If you’ve ever been an English major, you’ve probably had family members who haven’t the slightest clue what that means. And if you’re an English PhD student, this confusion increases exponentially.
If you’re an English PhD, you’ve also probably had complete strangers snidely remark about your being “one of those eternal students” who “doesn’t go out and get a real job,” because it is traditional in many human cultures across time and space to mask confusion with just about any other emotion, ever. And disdain is far more hip than any other option, ever. This is hardly English-specific, but English is probably up there with underwater basket-weaving when it comes to tired academia-jokes people enjoy making. (Shoutout to all those English MAs/PhDs who are also simultaneously working “real jobs,” by the way.)
And I say this even though I confess I’m not a good person to ask about what English and other humanities-type folks actually “do”–because I’m on one hand leery of literature actually being worthwhile, and on the other leery of the drive to turn education into a vocational stream, or a utilitarian pursuit. But that’s a ramble for another time.
Today, I’m here to say that if being an English major elicits confusion, and being an English PhD elicits confusion squared, going to an academic conference–to a non-academic audience; or even a non-humanities audience; or even a non-your very specific field audience–probably stops being any kind of increasing confusion, and the confusion just turns in on itself and starts chewing on its own bowels–sort of like a cochleoid.
Are they like, some kind of weird vacation that your institution might pay for or what? Are there freebies? What are they supposed to do? Do you just sign up?
1. Yes, they’re a vacation! Honestly, they are. But let’s define our terms here: Academia is 24/7 and even if you’re not working you are working–or are, at the very least, certain you should be working. There are very few acceptable times to truly not be working; so academic conferences are a vacation from work where you go work. They’re kind of great. Sometimes there are freebies. I got a great bag that I use for carrying groceries once; and another time, a bag of lentils. Sometimes you even get a pen.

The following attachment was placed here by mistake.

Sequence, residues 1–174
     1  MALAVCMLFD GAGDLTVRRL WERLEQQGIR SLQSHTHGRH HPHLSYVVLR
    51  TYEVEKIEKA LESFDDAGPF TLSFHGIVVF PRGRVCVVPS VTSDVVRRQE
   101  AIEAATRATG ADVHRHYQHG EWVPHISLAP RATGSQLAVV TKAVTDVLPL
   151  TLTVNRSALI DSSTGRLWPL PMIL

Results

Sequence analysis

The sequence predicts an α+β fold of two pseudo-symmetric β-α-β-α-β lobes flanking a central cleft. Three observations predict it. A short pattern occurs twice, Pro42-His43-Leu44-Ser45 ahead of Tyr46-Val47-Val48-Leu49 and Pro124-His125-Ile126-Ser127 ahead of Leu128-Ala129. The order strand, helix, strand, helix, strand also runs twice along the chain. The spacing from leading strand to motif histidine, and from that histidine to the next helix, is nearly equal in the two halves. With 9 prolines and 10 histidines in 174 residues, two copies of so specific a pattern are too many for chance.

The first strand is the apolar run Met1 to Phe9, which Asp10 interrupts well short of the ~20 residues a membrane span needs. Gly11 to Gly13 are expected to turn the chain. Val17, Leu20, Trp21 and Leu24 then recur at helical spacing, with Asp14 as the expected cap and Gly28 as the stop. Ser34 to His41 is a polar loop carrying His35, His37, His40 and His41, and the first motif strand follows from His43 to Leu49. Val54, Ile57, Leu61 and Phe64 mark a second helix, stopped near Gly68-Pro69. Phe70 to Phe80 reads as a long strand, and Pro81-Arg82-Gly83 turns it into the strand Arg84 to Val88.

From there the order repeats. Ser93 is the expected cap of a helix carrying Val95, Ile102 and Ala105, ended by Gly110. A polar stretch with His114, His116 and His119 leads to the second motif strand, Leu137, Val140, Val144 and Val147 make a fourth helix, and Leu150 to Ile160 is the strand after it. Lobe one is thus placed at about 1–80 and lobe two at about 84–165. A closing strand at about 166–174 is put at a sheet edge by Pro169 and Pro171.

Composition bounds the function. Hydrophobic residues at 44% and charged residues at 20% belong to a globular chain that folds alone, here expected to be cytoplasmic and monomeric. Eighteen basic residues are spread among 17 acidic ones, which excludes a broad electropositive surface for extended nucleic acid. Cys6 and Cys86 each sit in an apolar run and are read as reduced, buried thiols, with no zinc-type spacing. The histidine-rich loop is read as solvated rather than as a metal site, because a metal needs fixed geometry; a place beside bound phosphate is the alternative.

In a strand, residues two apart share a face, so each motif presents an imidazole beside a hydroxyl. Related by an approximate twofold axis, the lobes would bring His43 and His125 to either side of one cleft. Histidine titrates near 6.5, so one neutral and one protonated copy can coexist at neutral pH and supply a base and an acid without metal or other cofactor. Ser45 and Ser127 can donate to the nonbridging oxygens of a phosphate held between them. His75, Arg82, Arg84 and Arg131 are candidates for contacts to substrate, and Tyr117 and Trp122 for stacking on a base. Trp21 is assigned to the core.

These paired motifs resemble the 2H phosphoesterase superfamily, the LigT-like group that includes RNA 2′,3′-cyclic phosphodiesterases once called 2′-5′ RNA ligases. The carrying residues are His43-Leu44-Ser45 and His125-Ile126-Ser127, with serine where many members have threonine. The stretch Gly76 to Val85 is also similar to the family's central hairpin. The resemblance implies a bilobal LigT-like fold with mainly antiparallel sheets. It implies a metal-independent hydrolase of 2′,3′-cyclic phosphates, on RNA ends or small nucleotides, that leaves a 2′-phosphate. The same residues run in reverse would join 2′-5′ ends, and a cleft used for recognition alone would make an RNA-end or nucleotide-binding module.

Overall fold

2. In the utilitarian mode, conferences are meant to attract attention for your work (and if you’re a professor, potentially jobs or book deals), provide a space for networking with powerful people, and facilitate the spread and cross-pollination of ideas–such that in a perfect world, everyone produces better scholarship. That may have slipped from utilitarian to utopian, but as far as the alphabet is concerned they’re close enough, so we’ll roll with that.
3. No, you don’t just sign up. You’re more than welcome to attend an academic conference without submitting a paper for consideration, but it’s honestly fucking weird, so I wouldn’t recommend that. To go to an academic conference, you will typically submit a 250-300 word description of the presentation you would like to make, or an “abstract.” What that means and what that looks like is, again, a subject for another day, but the merits of this abstract, in the eyes of the conference organizers, will determine whether you get accepted or not. How difficult this is varies widely, though conferences don’t typically publish acceptance rates, so this often remains mysterious.
If you’re accepted, you’ll write your paper, and present it orally over the course of your 20-minute segment of the entire conference. Again, conferences vary widely in size, but it’s safe to imagine that over the course of a conference weekend, you’re sharing that limelight with 300 other people.
If you’ve never been an English major, an English PhD, or an academic conference-goer, you’ll have to look elsewhere for a continuation of this play-by-play. (Though I’d probably recommend you pull out any DVD you own and watch its Behind-the-Scenes featurette instead.)
If you know any grad student academic conference-goers in English or other literary studies, here’s what they did that one weekend when they flew somewhere, for some reason. Rather, here’s what I did, when I went to the Western Literature Association‘s Annual Conference in Big Sky, Montana last weekend. I’ll leave it to you to ask yourself, “To generalize, or not to generalize?”
So switch hats again. “You” are a graduate student at an academic conference again, not their concerned/skeptical relative and/or random stranger on the street.
No really, you are. More specifically, you’re me. And here’s what I did at the WLA last weekend: